With free agency set to open March 11, we’ll shine the spotlight on the Bears’ free agents and examine each player’s likelihood to return. As Combine week begins, we focus on Corey Wootton.
Check out previous spotlights:
Position: Defensive line
Age (As of Sept. 1, 2014): 27
NFL seasons logged (with Bears): 4 (4)
2013 stats: Played in 16 games with 15 starts. Had 35 tackles, 3.5 sacks, 8 TFLs, 6 QB hits and 5 passes defensed.
Quotable: “Corey is one of the guys that would transcend scheme. I was in a 3-4, a pure, straight 3-4 defense in Kansas City and he could have been the right end. If he put a little weight on, he could be the left end. He played under-tackle for us. Actually Corey was most disruptive as a pass rusher, between the d-end and d-tackle, at d-tackle this year.
“Now, in the past, obviously he had a pretty good year a year ago. He’s a guy that transcends scheme for us. We said bye to each other as he was leaving and he knows that we’re going to work through it and I know he’s going to have options. We’re going to be very thorough, like we are with all our evaluations. I’m sure that we’ll continue to talk to him.” – Phil Emery to reporters on Jan. 2
Fit with the Bears: With questions looming about the type of defense the Bears will most often employ, Wootton’s versatility — combined with his age and skill — sets him up as maybe the best fit to re-sign among their free agents. As Emery stated, Wootton “transcends scheme,” and proved that in a contract year. While Wootton would have put up better numbers as an every-down defensive end — stats that could have allowed him to break the bank this spring — he went inside. Wootton helped the D-line from the three-technique after Henry Melton and Nate Collins tore their ACLs.
If the Bears wanted to use more three-man fronts in 2014, Wootton would play on the end. In a 40-front, Wootton could be the team’s best returning pass-rush threat if he is re-signed and Julius Peppers becomes a cap casualty, or he would be Peppers' complement. If any injuries occur on the interior, Mel Tucker knows Wootton can slide inside.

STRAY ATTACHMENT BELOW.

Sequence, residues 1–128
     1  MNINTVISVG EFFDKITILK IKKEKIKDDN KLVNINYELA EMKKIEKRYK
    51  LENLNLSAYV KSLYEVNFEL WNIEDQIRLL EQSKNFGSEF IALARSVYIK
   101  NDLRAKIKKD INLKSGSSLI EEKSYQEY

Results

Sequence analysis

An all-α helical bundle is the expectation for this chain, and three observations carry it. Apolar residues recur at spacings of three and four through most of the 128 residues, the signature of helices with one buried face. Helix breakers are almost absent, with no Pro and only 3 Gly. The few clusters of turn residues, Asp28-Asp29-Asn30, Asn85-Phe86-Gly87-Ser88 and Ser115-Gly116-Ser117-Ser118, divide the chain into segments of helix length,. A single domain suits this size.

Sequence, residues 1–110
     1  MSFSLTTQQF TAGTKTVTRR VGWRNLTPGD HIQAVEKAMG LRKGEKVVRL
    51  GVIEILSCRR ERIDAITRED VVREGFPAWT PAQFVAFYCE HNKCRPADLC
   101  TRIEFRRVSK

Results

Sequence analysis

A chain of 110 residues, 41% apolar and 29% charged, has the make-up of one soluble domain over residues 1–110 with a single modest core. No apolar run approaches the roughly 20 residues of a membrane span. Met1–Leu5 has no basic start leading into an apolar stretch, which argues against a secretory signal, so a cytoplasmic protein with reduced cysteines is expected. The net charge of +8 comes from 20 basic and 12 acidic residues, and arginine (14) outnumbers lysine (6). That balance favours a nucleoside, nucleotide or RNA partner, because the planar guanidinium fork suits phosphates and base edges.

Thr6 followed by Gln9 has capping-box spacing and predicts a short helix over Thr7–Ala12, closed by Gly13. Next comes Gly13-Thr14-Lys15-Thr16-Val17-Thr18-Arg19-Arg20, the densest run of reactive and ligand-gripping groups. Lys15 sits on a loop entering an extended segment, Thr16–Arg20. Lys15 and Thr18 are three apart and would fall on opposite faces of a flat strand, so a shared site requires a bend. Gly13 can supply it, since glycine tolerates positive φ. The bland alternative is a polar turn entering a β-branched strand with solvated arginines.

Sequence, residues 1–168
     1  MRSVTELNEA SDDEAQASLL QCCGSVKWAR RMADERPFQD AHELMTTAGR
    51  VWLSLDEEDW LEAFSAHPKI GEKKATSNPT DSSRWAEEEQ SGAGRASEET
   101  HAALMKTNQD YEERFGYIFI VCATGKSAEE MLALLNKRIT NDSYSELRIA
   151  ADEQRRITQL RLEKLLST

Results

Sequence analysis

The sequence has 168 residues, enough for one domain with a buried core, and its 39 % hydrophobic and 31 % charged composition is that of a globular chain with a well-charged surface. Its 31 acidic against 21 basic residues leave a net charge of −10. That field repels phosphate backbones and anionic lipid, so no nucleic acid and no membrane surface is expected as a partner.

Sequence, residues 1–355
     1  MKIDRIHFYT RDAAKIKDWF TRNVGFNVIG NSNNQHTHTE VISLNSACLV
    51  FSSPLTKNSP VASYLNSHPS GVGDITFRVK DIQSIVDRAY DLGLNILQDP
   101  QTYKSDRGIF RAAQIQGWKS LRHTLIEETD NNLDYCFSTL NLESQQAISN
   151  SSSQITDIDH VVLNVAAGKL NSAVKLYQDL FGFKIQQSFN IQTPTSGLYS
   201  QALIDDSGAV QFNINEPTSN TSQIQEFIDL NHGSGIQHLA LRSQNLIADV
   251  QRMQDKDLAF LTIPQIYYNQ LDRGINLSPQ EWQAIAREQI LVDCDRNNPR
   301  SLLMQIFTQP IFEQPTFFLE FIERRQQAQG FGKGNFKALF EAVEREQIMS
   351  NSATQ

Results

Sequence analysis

Wootton is coming off hip surgery in January, but he is young and has only two full NFL seasons under his belt.
Financials: Heading into last season, Wootton was a candidate for the franchise tag if he put together a big year. He would have been right up there with free agents Michael Bennett, Michael Johnson and Greg Hardy, all looking for lucrative contracts. The top defensive ends have average yearly salaries in the $6-13 million-a-year range.
Only 3.5 sacks plus a hip procedure doesn't help Wootton’s cause for that kind of money. His age, potential, versatility and high character do, however, improve his chances for a long-term deal that would likely be below that range.
Best guess: If the Bears do decide to part ways with Peppers, I think it’d be a pretty good bet they find a way to re-sign Wootton with the extra cash instead of bringing in two brand new starters. Until then, it’s still a big question mark as they try to sort out the cap situation with veterans like Charles Tillman, Roberto Garza, D.J. Williams and Henry Melton all viable options to return.
Wootton is the youngest of the bunch and had to have won over the new staff with his play and selflessness last season. With that in mind, he’ll have his suitors, though, and the Bears will have their options in free agency and the draft.